Good news is that drying times are far less than they are for oil-based products, so the time factor might not be the issue you thought it could have been.
Applying oil-based polyurethane:
You can apply oil-based polyurethane using a good-quality fine-bristled brush, a clean cloth or a foam brush. Don’t use cheap bristle brushes, as these will tend to leave obvious brush strokes. Foam brushes work well, as they are not expensive and produce an even finish without many brush strokes. Brush with the grain of the wood, using a sufficient, but not overly thick coat of polyurethane. Don’t over brush, but be sure use long strokes to brush out as many bubbles as possible. The few remaining bubbles will soon disappear.
After the first coat has dried thoroughly to be sure you should allow 24 hours or so, depending on the weather (when its hot and dry, the polyurethane may dry somewhat quicker). Once it is dry, sand it lightly, with the grain, with fine sandpaper 320 grit works well. But don’t sand too hard, or too fast, as friction could cause the surface to melt. Then carefully dust the surface with a soft cloth and remove all the dust before applying a second coat.
To achieve the finish you want, you may have to apply a third or even fourth coat, sanding between each as above.
Lightly rubbing the final surface with fine steel wool and applying a coat of furniture wax will help achieve a fine finish.
Use thinner coats on vertical surfaces to avoid runs, which you can usually sand out or remove with a razor blade.
When applying polyurethane, have a bright light to hand, and check your work from different angles that makes it easier to spot areas that need a little more or a little less.
Is there a product that I can use to apply to a wooden bookcase before painting instead of sanding?
You could apply stripper and remove the varnish. However, you do not need to remove the varnish before painting the bookcase. You need only give it a light sanding, just to literally scratch the surface and give it what is called a key to which the finish you are applying, can adhere.
Just bear in mind that if the varnish is oil-based, then the paint you use should also be oil-based.
Do you get a special paint that I could use to touch up the inside of my Samsung microwave oven door? If so, how safe is it?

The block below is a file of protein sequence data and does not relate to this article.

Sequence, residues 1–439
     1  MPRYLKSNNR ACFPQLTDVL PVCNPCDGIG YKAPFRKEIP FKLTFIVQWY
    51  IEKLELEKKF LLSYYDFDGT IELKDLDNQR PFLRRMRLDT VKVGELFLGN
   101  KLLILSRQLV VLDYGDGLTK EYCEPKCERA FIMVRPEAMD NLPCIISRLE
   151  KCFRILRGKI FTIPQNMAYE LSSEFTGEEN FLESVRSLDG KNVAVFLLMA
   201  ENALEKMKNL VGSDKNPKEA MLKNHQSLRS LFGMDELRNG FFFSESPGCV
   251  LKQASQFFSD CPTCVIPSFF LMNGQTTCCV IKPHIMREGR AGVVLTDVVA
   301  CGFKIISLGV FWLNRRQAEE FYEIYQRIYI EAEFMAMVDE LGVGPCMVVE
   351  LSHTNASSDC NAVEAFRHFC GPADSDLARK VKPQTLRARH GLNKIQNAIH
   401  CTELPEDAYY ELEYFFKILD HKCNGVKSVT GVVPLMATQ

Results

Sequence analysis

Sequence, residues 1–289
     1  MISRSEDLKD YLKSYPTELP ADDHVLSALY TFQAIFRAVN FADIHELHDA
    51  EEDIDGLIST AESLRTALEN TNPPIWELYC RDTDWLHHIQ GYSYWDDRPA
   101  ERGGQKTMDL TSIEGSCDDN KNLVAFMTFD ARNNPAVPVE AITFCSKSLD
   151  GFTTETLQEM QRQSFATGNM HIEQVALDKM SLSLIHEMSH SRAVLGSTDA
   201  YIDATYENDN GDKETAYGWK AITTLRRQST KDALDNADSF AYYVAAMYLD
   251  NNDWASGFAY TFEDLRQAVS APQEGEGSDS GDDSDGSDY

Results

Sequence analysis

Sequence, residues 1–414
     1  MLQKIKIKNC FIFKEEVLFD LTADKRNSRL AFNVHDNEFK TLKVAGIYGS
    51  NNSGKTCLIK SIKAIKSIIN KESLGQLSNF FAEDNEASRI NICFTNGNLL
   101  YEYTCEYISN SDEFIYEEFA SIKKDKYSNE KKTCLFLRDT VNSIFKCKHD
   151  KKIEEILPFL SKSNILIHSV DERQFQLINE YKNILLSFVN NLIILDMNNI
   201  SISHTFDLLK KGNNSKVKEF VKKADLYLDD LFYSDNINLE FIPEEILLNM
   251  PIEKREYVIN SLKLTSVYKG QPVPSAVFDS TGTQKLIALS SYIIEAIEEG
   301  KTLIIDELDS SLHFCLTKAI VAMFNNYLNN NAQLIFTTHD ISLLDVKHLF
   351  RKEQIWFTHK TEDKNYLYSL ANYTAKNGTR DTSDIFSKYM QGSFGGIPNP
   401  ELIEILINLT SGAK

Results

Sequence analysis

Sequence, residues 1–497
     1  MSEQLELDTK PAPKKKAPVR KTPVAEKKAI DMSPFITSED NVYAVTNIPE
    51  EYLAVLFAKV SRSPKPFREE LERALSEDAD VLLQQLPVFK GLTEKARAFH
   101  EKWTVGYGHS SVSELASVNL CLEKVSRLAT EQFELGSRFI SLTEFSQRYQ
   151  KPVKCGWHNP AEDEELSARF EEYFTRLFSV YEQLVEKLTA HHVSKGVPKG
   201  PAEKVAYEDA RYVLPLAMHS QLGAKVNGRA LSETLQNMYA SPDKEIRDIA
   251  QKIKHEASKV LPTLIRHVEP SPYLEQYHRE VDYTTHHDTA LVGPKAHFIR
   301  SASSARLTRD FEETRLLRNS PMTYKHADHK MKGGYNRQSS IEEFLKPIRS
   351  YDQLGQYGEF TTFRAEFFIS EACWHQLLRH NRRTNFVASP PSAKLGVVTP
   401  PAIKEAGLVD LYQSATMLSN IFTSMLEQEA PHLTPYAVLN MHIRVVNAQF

My suggestion is not touch up the door; there are paints available, and I understand Rust-o-leum has a product, but I think the risk of food contamination is too great, and let’s face it, new microwaves are not that expensive these days. My suggestion is purchase a new one, and ensure that after each use the door is left open to allow the interior to dry.
How do I stop a skin forming on top of paint in its container?
There are two ways: you can store the container upside-down, but probably better still is to spray a fine mist of mineral turpentine on the surface of an oil-base paint, or fine spray of water on to the surface of a water-base paint. Carefully close and seal the container and then move it, equally carefully to avoid disturbing the film to the storage position.
I read that you can actually paint your enamel bath. What kind of products would you need and how effective is it?
Yes, there is a product called Rust-O-Leum, which you should be able to order from your local Mica. I have never tried the product myself, and cannot vouch for it myself, but I am not aware of anyone being dissatisfied, provided the manufacturer’s instructions are complied with.
I want to know how to fix a wall that its paint is peeling off.
Paint often peels because there is moisture getting in under the paint film, and you can recognise this by the fact that large areas of the paint peel off. If adhesion is the problem then peeling may be spotty… in small areas here and there.